Monday, March 17, 2014
Shades of Milk and Honey review
I've been increasingly interested in the Regency period in the last few years. I've read Pride and Prejudice upwards of a dozen times. (I may or may not have dressed as Elizabeth Bennet for Halloween last year.) It's an era that really lends itself to the aesthetic, and Mary works it.
The magic system is called glamour. Glamourists use breath (ether) in different arrangements to create illusions, even sounds and scents. The process isn't described in much technical detail, but that's not the point. The subtlety of glamour blends very well into the social setting of the Regency and thus the relationships that populate the story.
Our main character is Jane, a woman who is so nice and polite I at first couldn't believe her, but she soon develops into a remarkably subtle character. She's learned to repress her emotions and put stock in herself based on her propriety. By the end, she learns how to open herself up to her passions (and eventually takes less crap from her spoiled sister, whom I just wanted to slap. Even the sister, though, is developed enough to be believable). Love and family, in traditional novel of manners fashion, take the forefront.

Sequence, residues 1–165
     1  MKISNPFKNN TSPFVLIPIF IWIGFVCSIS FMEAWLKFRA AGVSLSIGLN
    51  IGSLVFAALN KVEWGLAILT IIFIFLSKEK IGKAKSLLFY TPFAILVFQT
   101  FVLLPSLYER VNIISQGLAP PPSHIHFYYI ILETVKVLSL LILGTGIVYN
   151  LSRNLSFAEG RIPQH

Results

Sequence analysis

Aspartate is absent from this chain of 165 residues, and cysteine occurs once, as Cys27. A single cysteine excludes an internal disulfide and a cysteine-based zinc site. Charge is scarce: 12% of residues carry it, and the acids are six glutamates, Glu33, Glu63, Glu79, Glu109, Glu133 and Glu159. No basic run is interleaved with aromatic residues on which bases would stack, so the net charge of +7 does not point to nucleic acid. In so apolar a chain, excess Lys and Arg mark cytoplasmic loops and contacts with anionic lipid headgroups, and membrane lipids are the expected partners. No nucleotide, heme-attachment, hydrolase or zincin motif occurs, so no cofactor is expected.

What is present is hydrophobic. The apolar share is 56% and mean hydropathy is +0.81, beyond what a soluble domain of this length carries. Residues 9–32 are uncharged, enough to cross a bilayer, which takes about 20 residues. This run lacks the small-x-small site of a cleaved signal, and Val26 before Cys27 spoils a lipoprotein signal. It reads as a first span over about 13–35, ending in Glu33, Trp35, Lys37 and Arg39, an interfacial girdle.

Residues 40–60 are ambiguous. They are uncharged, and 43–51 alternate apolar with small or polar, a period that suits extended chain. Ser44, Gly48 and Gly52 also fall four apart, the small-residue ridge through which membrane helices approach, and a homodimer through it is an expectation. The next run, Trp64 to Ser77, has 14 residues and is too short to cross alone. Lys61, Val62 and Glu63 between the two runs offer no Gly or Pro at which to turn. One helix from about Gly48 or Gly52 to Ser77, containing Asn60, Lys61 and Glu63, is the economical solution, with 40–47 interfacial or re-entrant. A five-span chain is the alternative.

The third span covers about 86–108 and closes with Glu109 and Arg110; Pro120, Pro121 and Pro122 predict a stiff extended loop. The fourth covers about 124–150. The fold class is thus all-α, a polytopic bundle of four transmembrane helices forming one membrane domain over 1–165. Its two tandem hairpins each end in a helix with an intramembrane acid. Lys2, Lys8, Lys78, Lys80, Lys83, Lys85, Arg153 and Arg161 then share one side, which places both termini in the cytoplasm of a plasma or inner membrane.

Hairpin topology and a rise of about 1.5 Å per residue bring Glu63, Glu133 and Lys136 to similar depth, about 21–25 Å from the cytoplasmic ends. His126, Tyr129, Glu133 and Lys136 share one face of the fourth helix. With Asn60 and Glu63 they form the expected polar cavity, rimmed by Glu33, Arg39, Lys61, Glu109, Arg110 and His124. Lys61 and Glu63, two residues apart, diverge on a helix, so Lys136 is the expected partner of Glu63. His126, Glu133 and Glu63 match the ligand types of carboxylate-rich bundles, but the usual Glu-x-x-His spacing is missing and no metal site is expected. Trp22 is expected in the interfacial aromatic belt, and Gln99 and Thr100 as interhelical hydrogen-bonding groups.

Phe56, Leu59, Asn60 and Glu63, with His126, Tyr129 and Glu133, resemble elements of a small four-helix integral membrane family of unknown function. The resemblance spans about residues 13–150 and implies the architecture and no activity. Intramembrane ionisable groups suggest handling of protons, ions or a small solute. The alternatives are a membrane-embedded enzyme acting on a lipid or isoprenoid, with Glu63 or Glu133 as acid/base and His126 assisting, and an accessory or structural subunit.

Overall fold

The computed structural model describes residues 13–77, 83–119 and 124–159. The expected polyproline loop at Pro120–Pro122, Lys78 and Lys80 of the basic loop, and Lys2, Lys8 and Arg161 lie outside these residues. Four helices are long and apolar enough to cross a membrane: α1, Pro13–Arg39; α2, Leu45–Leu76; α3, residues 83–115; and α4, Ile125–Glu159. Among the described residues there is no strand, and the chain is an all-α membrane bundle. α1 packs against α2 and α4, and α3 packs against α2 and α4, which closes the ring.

Mary's elevator pitch for the series is "Jane Austen with magic." There are a few sprinklings of humor of a type you wouldn't get in an Austen book, but the idea is true to the setting. I've read that the other books depart from the typical Austen-esque plotline, but I think these characters (and glamour itself) have the potential to make other story types not only memorable, but also fun.
You may need a love of Regency or romance to get you in the door, but the characters and the magic will keep you there. I enjoyed this story and the world of glamour very much.
Find Mary's blog here.